I’ve been an avid cyclist for a couple of decades now. I’ve participated and spectated almost every kind of bicycle race, but until recently I had never had the chance to watch track racing at a velodrome. This is mostly due to the small number of velodromes in the US, which is around 28 (for comparison, the United Kingdom also has around 28 velodromes, but is less than 1/10 the size of the US).
Around the turn of the last century (1900), velodromes and track racing were much more popular. In fact, many people don’t know that it was huge in New York City, regularly appearing at the Madison Square Garden:
“Another notable use of the first Garden was as a velodrome, an oval bicycle racing track with banked curves. At the time, bicycle racing was one of the biggest sports in the country. “[T]he top riders [were] among the sports stars of their day. The bike races at Madison Square Garden were all the rage around the turn of the 20th century.” Madison Square Garden was the most important bicycle racing track in the United States and the Olympic discipline known as the Madison is named after the original Garden.”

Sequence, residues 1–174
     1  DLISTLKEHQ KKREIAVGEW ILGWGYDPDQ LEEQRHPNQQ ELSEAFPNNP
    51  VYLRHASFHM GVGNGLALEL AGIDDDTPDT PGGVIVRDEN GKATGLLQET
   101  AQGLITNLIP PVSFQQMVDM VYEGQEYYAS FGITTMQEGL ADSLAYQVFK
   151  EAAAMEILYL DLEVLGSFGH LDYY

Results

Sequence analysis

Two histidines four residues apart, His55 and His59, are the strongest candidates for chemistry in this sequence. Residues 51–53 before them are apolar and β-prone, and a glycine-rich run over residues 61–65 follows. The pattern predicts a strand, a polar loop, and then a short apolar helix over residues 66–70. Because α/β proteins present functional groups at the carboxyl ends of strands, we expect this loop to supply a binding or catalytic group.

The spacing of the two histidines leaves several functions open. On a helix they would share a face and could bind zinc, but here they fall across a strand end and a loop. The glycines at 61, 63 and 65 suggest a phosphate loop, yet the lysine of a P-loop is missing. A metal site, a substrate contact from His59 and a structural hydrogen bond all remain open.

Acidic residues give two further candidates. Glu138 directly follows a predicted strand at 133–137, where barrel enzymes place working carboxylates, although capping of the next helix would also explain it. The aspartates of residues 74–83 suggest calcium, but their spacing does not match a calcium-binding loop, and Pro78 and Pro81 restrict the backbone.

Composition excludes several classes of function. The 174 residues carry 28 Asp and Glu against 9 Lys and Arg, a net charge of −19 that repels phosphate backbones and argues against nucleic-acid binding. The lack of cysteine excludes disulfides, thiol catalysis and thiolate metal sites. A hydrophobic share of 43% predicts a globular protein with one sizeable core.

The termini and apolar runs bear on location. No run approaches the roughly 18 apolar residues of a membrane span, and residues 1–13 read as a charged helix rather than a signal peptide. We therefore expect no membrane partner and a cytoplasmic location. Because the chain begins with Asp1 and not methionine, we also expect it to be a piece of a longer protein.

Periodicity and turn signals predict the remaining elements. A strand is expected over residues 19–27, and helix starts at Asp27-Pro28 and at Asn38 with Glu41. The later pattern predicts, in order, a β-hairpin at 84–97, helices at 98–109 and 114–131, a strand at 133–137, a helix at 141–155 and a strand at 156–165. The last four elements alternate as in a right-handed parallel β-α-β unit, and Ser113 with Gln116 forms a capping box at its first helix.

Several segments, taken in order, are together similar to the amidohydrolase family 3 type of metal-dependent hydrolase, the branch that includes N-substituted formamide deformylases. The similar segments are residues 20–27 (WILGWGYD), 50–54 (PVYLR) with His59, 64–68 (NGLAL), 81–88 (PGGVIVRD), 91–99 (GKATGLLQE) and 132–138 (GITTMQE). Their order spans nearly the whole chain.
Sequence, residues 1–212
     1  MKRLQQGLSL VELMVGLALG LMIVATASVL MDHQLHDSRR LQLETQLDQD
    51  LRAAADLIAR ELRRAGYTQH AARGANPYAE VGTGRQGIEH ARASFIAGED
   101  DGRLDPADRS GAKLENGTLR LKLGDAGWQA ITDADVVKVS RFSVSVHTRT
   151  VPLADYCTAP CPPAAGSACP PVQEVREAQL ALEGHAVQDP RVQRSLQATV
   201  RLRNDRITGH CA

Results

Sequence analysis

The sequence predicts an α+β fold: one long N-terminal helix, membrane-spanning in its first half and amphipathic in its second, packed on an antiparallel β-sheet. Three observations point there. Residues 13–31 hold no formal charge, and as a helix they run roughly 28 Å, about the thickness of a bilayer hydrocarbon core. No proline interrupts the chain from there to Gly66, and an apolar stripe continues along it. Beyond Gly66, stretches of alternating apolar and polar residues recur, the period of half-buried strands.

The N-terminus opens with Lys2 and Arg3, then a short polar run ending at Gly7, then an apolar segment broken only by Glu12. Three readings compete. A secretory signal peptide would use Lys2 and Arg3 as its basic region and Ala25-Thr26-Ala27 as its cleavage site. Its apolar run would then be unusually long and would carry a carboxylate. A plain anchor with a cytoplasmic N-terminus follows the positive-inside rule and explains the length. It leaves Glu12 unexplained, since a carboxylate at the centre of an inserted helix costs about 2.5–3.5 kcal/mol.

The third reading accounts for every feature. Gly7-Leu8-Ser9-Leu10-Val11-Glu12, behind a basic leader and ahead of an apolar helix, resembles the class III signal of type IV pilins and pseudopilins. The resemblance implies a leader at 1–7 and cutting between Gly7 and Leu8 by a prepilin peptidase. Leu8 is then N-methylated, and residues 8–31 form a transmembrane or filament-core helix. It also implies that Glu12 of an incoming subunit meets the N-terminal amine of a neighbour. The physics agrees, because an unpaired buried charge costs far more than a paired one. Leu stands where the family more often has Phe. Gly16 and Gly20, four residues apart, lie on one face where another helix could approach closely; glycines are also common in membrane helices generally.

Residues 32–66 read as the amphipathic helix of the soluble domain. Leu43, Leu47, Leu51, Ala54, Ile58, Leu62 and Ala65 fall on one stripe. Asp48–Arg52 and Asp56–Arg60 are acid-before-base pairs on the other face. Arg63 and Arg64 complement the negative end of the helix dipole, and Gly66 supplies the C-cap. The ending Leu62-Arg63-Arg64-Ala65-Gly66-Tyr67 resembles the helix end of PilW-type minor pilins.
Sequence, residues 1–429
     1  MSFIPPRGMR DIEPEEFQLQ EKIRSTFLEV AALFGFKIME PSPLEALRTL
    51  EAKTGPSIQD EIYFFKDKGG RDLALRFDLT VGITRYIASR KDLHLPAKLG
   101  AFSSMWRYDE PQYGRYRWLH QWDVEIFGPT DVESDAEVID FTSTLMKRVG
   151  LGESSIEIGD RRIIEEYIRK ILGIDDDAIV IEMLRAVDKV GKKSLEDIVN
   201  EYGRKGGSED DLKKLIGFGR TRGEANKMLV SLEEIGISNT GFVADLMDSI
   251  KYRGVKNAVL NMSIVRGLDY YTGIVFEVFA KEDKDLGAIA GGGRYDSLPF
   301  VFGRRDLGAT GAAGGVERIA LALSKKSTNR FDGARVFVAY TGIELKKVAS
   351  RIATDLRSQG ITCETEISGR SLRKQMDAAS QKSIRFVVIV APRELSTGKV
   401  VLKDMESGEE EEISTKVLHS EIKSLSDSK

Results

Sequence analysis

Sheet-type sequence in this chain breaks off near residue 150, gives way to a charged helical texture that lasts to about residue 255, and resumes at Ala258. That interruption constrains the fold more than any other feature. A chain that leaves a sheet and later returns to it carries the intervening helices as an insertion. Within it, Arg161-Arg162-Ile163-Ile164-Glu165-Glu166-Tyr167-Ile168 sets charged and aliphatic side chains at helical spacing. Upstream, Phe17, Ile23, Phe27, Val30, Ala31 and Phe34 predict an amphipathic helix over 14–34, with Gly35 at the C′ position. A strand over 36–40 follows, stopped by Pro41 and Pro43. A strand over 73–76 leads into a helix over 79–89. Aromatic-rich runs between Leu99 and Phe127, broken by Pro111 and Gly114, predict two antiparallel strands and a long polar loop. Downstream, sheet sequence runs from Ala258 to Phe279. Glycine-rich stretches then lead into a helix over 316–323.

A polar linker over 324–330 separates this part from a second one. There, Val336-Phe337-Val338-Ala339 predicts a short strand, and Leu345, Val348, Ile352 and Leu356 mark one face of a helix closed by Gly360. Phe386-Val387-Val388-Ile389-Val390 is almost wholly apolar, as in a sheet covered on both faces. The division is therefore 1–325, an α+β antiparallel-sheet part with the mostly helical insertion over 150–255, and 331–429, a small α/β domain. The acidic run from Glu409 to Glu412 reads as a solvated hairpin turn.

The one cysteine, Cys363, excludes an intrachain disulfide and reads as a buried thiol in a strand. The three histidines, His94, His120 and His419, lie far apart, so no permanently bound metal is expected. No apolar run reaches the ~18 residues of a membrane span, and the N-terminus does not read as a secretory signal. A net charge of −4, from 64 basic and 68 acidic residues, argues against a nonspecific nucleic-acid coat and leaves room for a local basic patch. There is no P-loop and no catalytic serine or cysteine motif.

While we were living in Portland, I had the chance to attend the regional championship races at Alpenrose Velodrome. Alpenrose is an outdoor track, made from concrete. It is on the property of Alpenrose Dairy, a family owned dairy business.
Trying to follow the races is not always easy the first time you are at a velodrome. There are different (and confusing) formats with individual races, team races, points races, and specialty races such as the “Keirin” and the “Madison” in which pair up in a tag-team format. Riders “sling” their teammate forward to facilitate alternating sprints that keep the pace very high during typically long races (30 km or 19 miles, or more, compared to 3–10 km or 1.9–6.2 mi for most other races). Since partners can trade as often as they like, this is a very busy race format, with half of the racers racing and half circulating around the track at any time.
The really great thing about these races, from a photographer’s standpoint, is that you are free to roam almost anywhere you want. You can’t get on the track itself, but you can be within a few feet of where the riders are passing by. This makes for some really great chances to show the excitement and intensity of the racers. It’s also interesting in that sometimes the racers are going as fast as humanely possible, but other times they are not quite going all out and are looking around at their competition and trying to figure out their strategy.
Here are a few more images from the weekend: